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Creighton professor receives $410k grant to combat human-parasitic infections

Apr 18, 2024
2 min Read
Molly Garriott

“Worms have always interested me,” says Sudhanva Kashyap, PhD, assistant professor in the Creighton School of Medicine Department of Microbiology and Immunology. He calls worms “simple but complex creatures,” simple in their physiology but complex in their incredible ability to adapt and mutate.  

Soil-transmitted helminth (STH) parasites, such as roundworms, whipworms and hookworms, affect the health of over a billion people in developing countries in South and Southeast Asia, Africa and South and Central America and are most common in children between the ages of three and eight. Currently, “there is little we can do to kill them,” Kashyap says.  

While not fatal, human-parasitic infections nonetheless make life miserable for those afflicted. Symptoms range from intestinal problems to skin rashes. Children infected with STH show physical and cognitive growth retardation resulting in social exclusion.  

The National Institutes of Health (NIH) and the National Institute of Allergy and Infectious Disease (NIAID) have awarded Kashyap an R21 grant that provides support for the early and conceptual stages of research and thus encourage exploratory or developmental research. Kashyap is exploring effective ways to combat human-parasitic infections caused by worms.  

Not only are parasitic nematode infections an increasing problem, but there is a lack of drug therapy to combat them. In fact, the medications administered to date are veterinary drugs that have been adapted to human use, such as nicotinic anti-parasitic drugs (anthelmintics) like levamisole and pyrantel, which paralyze the worms by activating the nicotinic acetylcholine ion channels on their muscle.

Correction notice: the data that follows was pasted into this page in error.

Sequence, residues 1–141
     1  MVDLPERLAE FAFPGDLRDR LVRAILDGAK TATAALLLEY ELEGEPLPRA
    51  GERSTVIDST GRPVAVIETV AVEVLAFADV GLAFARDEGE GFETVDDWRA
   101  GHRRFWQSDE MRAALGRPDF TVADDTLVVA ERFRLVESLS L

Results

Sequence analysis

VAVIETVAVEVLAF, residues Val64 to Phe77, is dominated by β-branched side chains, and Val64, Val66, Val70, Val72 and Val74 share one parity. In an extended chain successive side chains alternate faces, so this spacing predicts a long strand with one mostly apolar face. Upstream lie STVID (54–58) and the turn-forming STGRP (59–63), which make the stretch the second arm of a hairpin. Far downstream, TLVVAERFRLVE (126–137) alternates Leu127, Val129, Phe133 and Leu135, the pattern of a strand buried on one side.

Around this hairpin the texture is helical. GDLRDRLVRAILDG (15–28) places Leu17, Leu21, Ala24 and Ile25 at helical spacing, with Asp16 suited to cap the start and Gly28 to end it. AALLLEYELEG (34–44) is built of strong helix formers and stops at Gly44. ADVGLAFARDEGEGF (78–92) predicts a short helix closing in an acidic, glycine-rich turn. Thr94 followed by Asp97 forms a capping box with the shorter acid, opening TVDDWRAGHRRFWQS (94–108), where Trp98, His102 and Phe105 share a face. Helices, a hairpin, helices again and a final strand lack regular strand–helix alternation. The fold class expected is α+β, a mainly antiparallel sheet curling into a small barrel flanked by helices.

It is unfortunate that a group of diseases that affect over a billion people are still neglected.
— Sudhanva Kashyap, PhD

However, parasites recover from exposure to nicotinic anthelmintics through mechanisms that are not well understood. “Our study will provide insight into the molecular mechanisms of nicotinic anthelmintic recovery using a parasitic worm model, Brugia malayi, and clarify how macrocyclic lactones, like ivermectin, can prevent this recovery using rational drug combinations,” Kashyap says.  

Lack of anthelmintic drugs, as well as their misuse and overuse, means the diseases the parasites cause can never be fully cured because the adult worms remain viable, building up drug resistance and adapting in ways that diminish the efficacy of the treatment. 

The short-term goal of his research into the causes of what he calls “neglected tropical diseases” is to determine what controls parasitic recovery from drug-induced paralysis and then block it to improve drug therapy effectiveness. Long term, Kashyap wants to change “neglected” to “eliminated.” 

“It is unfortunate that a group of diseases that affect over a billion people are still ‘neglected,” says Kashyap.